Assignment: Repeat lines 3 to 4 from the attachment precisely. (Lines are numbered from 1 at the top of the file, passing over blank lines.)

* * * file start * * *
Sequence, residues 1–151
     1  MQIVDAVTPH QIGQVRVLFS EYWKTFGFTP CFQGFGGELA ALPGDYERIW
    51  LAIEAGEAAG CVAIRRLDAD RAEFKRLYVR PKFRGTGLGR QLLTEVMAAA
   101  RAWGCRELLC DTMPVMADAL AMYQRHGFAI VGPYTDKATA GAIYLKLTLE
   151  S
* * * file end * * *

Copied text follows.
    51  LAIEAGEAAG CVAIRRLDAD RAEFKRLYVR PKFRGTGLGR QLLTEVMAAA
   101  RAWGCRELLC DTMPVMADAL AMYQRHGFAI VGPYTDKATA GAIYLKLTLE